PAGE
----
• Consider long term goals. Ultimately, why is this company involved in the social space? What measureable return can you gain for them by being there and which metrics are you going to use to track that return? A good social media manager needs to know their way around analytics as much as Twitter.


These are simple points but are absolutely crucial.

It’s simply no good hiring someone because they know their way around a given channel. Ignore the technology and really focus on the engagement and integration into a company. Think of ways that every employee can get involved. Above all, forget about follow counts and worry about what value you can provide for the customer. Why would they want to use your social media service?

A good social media manager shouldn’t just be responsible for updating Twitter and Facebook.

Instead, they need to be able to roll out a cross-company strategy that fits with your culture, that adapts and changes according to needs and wants, and be able to implement that strategy on a daily basis.

In the next post I’ll detail my daily routine and give some examples of new processes we’ve been developing, and show you the sort of goals we’re setting and why, as well as the ROI we’re receiving.

Matt Owen

Published 8 October, 2010 by Matt Owen

Matt Owen was formerly Head of Social at Econsultancy. You can follow him on Twitter or hook up on LinkedIn.

203 more posts from this author

Comments (15)

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Laura Price

Great post on the role of social media managers. As social media manager for Honda I have read so many articles where people ridicule companies for being so short sighted as to recruit people "to play on facebook and twitter all day," so it's great to see our corner being fought properly. I think our role is as much about forming engagement strategies on facebook and Twitter as it is about appreciating the fact that social media doesn't revolve solely around these two platforms exclusively. I spend quite a bit of my time advising our European markets NOT to start setting up facebook pages if they don't have the time or people resource to manage it properly. As you say, it's all about the long term goals, not a short term "me too!" Looking forward to future posts, particularly on ROI!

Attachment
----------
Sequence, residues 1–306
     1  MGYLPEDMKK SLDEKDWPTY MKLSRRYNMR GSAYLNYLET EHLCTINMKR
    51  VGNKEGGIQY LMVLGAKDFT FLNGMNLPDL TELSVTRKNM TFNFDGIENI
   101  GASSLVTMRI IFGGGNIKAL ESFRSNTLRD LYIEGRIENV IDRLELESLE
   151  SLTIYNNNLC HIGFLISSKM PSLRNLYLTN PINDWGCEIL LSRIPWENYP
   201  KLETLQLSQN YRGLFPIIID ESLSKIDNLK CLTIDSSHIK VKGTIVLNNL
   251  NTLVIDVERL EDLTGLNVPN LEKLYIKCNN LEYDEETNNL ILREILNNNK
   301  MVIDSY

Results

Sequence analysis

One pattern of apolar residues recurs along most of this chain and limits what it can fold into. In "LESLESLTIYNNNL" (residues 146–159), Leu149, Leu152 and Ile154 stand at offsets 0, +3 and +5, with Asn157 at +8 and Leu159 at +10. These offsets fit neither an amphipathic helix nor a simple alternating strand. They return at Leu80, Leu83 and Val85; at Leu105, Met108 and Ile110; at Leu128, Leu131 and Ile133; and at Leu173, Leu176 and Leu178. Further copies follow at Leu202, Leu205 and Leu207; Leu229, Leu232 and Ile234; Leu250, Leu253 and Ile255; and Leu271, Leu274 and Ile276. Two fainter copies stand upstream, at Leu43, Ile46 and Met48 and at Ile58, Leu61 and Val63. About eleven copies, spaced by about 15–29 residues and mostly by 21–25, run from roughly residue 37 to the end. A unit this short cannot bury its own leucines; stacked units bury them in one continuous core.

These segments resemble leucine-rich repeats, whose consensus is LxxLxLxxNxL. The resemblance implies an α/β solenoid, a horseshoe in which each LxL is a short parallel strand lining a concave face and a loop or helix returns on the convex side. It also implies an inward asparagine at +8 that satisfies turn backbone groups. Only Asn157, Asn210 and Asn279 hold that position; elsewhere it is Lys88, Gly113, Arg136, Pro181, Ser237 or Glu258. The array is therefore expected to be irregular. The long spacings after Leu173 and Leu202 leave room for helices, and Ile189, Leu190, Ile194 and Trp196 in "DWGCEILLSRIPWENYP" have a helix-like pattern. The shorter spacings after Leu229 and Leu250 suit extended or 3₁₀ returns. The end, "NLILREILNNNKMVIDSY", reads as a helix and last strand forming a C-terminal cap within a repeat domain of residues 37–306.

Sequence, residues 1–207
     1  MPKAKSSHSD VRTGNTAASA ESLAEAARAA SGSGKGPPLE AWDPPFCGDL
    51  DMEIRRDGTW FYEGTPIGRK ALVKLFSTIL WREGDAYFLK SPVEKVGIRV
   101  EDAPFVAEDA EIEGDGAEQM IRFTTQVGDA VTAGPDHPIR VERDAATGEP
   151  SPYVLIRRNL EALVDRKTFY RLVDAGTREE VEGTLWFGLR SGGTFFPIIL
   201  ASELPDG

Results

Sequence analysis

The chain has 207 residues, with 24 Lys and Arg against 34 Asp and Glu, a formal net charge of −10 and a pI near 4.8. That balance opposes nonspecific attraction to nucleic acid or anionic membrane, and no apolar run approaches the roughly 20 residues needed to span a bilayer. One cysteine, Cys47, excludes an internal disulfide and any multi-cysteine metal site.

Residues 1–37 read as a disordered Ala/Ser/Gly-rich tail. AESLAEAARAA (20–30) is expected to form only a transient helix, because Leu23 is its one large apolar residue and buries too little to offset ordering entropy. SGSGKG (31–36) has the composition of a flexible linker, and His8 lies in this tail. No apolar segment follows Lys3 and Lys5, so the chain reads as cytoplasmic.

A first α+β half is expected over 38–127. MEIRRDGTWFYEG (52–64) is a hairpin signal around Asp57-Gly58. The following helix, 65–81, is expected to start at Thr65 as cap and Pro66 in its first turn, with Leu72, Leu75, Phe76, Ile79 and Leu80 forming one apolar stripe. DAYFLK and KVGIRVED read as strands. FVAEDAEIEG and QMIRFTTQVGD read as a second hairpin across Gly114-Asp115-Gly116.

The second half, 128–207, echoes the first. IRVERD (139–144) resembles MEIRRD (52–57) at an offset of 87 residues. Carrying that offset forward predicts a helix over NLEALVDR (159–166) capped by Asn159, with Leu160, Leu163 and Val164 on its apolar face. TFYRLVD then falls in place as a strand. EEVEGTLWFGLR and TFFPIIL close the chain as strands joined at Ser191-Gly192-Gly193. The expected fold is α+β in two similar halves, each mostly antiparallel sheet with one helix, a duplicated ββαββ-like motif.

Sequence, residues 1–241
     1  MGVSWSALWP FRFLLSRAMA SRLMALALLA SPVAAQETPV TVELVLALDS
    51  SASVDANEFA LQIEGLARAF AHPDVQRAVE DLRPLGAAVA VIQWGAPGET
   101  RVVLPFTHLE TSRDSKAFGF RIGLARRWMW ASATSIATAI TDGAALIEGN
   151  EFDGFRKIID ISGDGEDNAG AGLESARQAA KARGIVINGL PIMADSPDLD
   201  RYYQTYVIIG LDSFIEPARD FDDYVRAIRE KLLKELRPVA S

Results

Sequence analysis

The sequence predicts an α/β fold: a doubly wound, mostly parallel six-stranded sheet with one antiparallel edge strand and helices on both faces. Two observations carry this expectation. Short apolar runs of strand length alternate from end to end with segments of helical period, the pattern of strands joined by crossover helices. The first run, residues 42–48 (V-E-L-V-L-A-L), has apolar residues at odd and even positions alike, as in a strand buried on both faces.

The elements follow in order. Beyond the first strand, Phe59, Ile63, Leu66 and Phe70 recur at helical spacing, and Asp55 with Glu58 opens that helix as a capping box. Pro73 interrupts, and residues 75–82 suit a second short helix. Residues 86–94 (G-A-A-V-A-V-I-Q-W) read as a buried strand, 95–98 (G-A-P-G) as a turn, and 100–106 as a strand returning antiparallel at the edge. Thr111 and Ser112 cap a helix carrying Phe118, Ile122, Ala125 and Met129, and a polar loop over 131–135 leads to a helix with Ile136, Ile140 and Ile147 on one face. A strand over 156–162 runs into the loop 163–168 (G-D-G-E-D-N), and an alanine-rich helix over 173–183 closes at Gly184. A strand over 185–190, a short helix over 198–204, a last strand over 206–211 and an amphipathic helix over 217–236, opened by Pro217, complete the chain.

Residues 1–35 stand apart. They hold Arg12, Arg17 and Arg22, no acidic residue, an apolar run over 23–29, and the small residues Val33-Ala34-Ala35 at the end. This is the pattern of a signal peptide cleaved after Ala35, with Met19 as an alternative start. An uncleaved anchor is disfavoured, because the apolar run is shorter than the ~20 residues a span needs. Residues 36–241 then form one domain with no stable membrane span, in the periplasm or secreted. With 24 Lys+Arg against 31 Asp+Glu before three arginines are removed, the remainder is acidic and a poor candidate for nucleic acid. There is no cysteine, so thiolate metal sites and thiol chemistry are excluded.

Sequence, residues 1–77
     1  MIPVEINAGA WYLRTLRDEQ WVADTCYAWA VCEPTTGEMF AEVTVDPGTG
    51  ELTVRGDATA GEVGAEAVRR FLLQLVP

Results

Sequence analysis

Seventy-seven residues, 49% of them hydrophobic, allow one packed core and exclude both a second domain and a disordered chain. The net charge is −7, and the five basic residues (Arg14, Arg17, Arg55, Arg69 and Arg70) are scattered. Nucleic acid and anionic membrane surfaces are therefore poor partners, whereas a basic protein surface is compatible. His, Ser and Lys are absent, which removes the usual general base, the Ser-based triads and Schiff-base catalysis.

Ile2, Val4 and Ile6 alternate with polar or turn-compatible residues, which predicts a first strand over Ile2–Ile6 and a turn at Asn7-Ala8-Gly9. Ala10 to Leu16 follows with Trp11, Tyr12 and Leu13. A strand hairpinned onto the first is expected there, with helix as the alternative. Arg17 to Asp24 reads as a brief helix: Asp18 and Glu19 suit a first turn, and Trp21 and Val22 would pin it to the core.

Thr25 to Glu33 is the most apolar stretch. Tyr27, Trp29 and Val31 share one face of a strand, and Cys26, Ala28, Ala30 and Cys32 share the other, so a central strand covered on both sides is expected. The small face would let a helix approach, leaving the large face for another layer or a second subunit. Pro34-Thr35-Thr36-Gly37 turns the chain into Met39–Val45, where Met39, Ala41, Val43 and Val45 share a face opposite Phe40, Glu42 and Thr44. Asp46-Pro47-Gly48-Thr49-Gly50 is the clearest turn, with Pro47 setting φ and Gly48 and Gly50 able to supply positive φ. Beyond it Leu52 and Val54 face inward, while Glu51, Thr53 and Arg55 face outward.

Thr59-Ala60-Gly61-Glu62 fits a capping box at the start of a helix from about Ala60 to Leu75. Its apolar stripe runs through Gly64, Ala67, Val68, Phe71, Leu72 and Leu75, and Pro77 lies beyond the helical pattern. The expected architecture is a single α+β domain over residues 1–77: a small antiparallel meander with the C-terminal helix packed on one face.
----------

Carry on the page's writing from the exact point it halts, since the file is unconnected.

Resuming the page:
almost 6 years ago

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Brad Lohaus

umm... they do nothing.. they play on facebook and twitter all day and come up with excuses and explanations on how 'it's working' .. when in fact, it really isnt... 

almost 6 years ago

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Rick Bukker

Let's be honest here and state the fact that while social media should be a part of your marketing strategy, hiring a team of 8 people to post news updates and 'engage the public' is not a good strategy. Yes, you have to monitor your brand name and industry online and it can help to interact with customer through top social networks but it is no when compared to other advertising channels it is not up to par.